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Women still underrepresented in boardrooms despite 'comply-or-explain' rule

Few women in boardroom

A study by an Ottawa think tank has found that women remain underrepresented in boardrooms of Canadian companies listed on the Toronto Stock Exchange, despite the 2015 introduction of disclosure requirements intended to boost their numbers.

The Conference Board of Canada says that while there is some progress in the proportion of women on corporate boards, the pace of change remains slow.

The nonprofit's study found that women only made up 15 per cent of Canadian boards in 2018 – an increase of just four percentage points from 2015, when seven provinces and two territories introduced so-called comply or explain requirements.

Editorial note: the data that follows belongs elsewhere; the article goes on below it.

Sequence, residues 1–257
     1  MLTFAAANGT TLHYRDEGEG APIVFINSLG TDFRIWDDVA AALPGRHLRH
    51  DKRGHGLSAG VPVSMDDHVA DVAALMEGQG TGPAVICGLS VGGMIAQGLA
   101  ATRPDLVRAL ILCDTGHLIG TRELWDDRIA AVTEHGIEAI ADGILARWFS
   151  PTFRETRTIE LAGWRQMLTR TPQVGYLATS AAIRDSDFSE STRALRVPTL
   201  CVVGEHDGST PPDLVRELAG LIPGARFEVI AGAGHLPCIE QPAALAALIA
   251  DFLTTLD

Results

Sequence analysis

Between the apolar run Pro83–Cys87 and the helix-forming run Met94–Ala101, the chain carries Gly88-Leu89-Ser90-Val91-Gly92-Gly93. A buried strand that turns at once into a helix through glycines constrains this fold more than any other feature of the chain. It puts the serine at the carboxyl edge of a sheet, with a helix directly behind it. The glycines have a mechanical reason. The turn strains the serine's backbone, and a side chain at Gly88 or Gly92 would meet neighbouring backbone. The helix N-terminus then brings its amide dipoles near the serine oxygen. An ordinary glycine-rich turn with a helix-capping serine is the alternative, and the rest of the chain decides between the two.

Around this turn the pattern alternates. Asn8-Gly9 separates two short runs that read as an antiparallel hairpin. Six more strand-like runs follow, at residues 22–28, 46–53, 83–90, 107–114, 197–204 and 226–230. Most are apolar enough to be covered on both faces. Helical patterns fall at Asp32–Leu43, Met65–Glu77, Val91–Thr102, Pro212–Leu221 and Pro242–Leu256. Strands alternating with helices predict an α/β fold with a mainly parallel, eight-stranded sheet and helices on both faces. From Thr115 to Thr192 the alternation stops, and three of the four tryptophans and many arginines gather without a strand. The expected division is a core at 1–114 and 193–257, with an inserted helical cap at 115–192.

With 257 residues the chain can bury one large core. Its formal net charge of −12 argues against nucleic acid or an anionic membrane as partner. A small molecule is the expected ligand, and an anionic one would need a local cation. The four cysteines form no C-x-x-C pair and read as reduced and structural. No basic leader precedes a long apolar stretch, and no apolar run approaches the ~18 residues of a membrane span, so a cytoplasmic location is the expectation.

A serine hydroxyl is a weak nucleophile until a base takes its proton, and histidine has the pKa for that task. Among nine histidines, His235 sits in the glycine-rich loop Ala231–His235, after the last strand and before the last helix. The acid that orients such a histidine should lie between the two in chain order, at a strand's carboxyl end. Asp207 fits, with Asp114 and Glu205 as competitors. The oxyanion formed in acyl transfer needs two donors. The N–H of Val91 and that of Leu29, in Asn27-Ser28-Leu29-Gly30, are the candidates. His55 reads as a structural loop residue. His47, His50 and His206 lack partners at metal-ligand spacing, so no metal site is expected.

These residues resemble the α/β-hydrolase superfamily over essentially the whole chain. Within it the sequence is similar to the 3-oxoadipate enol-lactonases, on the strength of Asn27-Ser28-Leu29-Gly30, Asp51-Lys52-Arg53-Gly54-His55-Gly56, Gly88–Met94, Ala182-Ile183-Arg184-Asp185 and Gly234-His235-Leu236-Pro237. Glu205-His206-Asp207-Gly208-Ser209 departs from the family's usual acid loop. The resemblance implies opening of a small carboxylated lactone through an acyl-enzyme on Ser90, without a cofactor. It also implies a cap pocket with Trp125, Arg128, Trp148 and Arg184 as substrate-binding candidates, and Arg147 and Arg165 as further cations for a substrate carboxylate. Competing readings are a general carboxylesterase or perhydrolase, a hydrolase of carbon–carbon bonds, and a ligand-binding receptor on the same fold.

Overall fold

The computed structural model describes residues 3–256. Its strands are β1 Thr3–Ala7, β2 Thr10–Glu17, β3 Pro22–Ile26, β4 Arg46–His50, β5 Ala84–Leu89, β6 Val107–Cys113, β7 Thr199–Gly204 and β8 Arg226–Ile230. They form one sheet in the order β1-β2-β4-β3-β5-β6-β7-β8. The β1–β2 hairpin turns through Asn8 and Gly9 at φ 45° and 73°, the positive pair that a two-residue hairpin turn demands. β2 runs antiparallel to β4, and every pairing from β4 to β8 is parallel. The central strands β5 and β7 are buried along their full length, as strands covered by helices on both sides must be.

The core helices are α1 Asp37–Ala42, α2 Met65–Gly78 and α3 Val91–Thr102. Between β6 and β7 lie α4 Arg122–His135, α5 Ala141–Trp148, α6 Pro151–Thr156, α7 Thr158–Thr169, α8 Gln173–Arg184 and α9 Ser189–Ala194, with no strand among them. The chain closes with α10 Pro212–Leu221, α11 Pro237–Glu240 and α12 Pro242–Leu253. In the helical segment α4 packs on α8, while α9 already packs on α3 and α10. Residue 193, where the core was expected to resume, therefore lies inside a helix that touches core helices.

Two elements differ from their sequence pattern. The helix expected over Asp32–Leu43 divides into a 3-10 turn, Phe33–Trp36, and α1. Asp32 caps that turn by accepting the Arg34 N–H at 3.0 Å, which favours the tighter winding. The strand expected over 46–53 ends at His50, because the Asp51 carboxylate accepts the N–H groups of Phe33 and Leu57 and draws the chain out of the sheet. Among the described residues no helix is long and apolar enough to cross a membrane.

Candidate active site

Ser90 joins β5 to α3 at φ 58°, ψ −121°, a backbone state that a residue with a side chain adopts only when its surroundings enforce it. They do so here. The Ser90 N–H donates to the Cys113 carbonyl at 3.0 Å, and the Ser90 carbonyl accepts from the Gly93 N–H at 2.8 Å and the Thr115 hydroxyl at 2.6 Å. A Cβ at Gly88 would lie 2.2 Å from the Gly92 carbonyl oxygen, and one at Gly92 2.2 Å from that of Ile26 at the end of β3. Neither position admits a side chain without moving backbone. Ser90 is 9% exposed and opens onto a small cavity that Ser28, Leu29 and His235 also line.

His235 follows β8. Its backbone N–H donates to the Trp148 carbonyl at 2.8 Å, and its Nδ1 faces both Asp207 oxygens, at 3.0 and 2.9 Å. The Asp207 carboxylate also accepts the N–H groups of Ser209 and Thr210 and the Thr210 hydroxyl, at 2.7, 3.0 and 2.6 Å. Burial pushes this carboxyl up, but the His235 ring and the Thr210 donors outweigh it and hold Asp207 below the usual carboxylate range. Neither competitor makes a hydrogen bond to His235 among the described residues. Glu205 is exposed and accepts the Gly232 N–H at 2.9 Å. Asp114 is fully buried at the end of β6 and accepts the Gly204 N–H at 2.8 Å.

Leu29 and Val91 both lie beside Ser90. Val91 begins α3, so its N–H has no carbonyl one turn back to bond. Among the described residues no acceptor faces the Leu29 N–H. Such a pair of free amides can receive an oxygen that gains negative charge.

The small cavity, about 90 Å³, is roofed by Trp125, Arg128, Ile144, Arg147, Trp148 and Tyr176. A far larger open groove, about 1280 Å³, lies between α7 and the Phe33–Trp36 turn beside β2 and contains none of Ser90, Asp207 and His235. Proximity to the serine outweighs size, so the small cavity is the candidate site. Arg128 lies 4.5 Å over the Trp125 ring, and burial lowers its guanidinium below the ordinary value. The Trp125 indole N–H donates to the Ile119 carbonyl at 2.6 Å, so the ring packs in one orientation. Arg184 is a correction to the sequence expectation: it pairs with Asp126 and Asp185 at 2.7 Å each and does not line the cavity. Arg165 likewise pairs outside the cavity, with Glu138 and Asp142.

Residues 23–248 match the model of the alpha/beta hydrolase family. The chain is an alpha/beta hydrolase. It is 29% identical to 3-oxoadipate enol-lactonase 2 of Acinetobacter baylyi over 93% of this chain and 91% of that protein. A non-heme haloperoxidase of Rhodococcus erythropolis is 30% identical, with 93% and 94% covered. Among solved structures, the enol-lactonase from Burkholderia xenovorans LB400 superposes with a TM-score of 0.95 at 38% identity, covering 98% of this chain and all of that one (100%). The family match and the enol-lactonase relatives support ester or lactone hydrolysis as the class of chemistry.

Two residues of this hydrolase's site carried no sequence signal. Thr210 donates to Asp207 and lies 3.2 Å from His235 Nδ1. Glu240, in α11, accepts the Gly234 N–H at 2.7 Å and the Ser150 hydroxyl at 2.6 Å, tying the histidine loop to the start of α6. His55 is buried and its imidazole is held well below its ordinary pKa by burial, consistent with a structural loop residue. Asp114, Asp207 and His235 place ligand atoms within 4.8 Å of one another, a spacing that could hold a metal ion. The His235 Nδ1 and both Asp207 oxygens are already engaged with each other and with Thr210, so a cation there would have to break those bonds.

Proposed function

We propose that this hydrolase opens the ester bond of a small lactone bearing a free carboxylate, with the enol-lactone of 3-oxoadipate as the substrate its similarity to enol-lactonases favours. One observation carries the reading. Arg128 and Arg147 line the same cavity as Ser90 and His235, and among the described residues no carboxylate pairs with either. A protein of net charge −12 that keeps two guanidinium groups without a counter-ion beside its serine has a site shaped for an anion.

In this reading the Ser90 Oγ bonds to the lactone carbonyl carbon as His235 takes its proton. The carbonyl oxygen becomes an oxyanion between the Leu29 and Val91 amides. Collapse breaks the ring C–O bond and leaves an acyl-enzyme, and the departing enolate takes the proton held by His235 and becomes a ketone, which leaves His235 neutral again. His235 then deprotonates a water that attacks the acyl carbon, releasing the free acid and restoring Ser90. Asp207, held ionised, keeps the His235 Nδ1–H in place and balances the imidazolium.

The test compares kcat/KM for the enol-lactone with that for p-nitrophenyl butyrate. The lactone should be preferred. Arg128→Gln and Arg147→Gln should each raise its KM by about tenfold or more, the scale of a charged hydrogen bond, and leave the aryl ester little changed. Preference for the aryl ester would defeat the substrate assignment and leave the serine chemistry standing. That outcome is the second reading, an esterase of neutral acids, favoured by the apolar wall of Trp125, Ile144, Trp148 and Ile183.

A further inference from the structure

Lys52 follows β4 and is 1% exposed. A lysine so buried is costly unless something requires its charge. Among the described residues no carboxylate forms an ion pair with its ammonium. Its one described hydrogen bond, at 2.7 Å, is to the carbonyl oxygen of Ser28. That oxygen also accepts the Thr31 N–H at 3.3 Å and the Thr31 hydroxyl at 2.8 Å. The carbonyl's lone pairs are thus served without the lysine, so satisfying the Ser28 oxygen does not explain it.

The Conference Board study says the rules that ask publicly traded companies to disclose the number of women in key positions or explain why they have not met their goals have failed to accelerate women's entry into boardrooms since they were introduced.

The study found more than half of the board seats that became vacant in 2018 went to men and about a quarter were left unfilled or eliminated.

The research was done by compiling all public disclosure reporting data released by the Canadian Securities Administrators from 2015 to 2018, which included data from 589 companies.



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